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Deportations to Belzec

Organized mass extermination

It is apparent that by May 1942, a decision had been made for the destruction of all Jews.[1] After the re-organization of Belzec, and in preparation for even more transports, the camp was divided into two parts, separated by a camouflaged high fence interwoven with firs. The only entrance into Camp II was by a heavily guarded security gate and, of course, the connecting camouflaged 'tube,' which ran from the undressing barracks directly to the gas chambers. Work Jews could be transferred from Camp I to Camp II but not vice versa.[2] The lower part (Camp I) was the reception area for arrivals. In Camp II there were barracks for the 500 'death brigade' Jews. This regiment of lost souls was made-up of gravediggers, body removers, and specialist artisans, including dentists and technical workers.

By late May – early June 1942 experimental and regionally based mass killings had been supplanted by a general annihilation policy of a 'Final Solution'. The mass killings now went into 'free fall' and encompassed all districts of the General Government. From mid-July the deportations to the death camps began from Western Europe, many now going directly to Auschwitz.

In July 1942, groups of T4 support personnel started to arrive at Reinhardt headquarters in Lublin where each man was sworn to secrecy and warned to keep silent about their duties. Photography was strictly forbidden. (When the police searched the home of Kurt Franz after the war, they found a photograph album containing numerous photographs taken in Treblinka. The album: Schöne Zeiten [Beautiful Times], sealed his conviction).[3]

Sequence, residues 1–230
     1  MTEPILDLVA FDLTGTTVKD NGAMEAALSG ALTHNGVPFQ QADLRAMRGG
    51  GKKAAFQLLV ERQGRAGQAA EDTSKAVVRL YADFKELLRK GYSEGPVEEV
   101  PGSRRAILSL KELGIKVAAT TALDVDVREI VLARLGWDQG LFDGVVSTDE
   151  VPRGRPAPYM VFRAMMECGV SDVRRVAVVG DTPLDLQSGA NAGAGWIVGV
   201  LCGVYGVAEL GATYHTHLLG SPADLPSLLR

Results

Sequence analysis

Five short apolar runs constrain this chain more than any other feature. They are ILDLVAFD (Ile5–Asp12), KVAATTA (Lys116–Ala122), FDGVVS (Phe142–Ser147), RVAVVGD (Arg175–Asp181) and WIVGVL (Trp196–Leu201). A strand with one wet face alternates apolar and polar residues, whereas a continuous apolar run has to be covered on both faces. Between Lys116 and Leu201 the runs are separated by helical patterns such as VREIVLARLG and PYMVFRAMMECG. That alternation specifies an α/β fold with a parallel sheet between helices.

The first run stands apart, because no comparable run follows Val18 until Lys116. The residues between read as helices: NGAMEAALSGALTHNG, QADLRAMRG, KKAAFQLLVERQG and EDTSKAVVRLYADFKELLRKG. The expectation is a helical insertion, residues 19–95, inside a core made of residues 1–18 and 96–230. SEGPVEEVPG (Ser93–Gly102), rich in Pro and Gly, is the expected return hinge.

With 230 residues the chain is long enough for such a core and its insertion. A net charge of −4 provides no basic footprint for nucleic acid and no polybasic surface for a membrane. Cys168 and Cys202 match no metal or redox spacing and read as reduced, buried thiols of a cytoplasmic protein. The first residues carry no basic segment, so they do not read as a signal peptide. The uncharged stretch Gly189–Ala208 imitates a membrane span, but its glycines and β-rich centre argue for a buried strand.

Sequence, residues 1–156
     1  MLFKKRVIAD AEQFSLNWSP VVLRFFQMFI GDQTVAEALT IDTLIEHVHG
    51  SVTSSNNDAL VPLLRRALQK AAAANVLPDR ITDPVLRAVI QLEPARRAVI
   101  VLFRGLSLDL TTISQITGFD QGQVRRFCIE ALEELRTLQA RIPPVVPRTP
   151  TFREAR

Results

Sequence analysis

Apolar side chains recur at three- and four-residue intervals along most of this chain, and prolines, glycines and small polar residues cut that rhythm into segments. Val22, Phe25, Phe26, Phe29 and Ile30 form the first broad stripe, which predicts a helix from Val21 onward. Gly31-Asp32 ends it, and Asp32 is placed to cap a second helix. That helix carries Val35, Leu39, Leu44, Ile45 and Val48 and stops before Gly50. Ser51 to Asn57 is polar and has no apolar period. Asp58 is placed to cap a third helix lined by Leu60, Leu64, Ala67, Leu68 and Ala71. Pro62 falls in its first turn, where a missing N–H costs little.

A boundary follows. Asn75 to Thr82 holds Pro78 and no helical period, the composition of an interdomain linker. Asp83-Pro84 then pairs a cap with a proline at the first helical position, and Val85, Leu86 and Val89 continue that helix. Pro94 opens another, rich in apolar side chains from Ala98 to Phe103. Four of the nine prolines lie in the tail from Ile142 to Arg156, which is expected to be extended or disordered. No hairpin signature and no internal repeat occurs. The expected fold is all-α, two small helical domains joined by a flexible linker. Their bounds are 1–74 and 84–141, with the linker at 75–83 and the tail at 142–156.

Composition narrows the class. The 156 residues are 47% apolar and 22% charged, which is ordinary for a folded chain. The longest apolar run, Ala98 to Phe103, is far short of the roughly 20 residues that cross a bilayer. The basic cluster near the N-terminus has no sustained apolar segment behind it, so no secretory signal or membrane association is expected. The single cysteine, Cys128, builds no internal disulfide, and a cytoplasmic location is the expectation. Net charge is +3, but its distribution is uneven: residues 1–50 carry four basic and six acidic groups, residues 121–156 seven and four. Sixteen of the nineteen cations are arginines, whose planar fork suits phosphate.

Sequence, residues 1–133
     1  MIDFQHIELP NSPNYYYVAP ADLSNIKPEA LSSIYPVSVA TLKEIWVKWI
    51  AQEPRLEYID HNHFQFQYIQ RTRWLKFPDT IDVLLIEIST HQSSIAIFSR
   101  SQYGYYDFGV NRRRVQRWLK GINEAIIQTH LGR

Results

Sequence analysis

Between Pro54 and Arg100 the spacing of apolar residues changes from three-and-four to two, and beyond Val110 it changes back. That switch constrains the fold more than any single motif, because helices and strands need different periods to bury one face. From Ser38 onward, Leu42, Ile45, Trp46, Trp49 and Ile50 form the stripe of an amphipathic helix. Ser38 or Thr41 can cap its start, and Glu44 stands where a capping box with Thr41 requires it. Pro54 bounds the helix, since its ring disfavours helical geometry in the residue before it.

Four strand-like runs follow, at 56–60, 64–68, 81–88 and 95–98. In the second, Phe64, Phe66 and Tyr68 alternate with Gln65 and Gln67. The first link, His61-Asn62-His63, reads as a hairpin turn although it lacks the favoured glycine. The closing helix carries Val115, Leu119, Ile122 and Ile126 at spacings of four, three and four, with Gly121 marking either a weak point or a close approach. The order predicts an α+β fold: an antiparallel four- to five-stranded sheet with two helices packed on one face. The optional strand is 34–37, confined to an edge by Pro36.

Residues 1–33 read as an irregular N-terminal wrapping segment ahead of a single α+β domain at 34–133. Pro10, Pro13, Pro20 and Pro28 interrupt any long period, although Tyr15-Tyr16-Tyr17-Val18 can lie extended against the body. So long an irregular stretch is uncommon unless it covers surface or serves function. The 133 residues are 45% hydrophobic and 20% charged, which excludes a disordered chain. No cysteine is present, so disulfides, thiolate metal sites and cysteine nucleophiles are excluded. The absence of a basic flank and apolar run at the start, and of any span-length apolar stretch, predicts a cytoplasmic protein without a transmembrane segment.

By the time Treblinka opened on July 22, 1942, the Belzec camp had been completely reorganized and re-structured. The old wooden barracks containing three gas chambers had been demolished and were replaced by a solid building of brick and concrete double the size. The 'new' gas chambers were the only solidly constructed building in the camp.

Although the Jew Rudolf Reder did not arrive at Belzec until August 1942, he had a good idea of how the camp had been originally constructed in the first phase and was now a witness to the construction of the second phase gas chambers:

“The chamber building was made of concrete and covered with a flat roof of tarpaper. It stood on a raised surface with steps leading into it from a reception yard. Along both sides of the building was an unloading platform. The small stairs ended with a door, over which was a notice: 'Bath and inhalation room, 'and a big vase with flowers stood there by the entrance.

From the entrance door, a passage ran along the length of the building with three one-wing doors on each side. The doors led to rooms with no windows. Behind the building was a small room, which housed a petrol engine. The gas chambers were camouflaged with a net interwoven with leaves and branches that stretched over the roof on high poles. A one inch diameter pipe led from the engine room directly into the windowless rooms.”[4]


  1. Pohl, Judenpolitik, 129-131. Return

  2. This was a very strict rule introduced by Wirth and continued until the camp was dismantled. There were exceptions, of course - Rudolf Reder as senior maintenance worker was allowed but he was closely supervised. Return

  3. Klee, Dressen, Riess, Days, 226-7. Return

  4. Kola, Belzec, 69. Return

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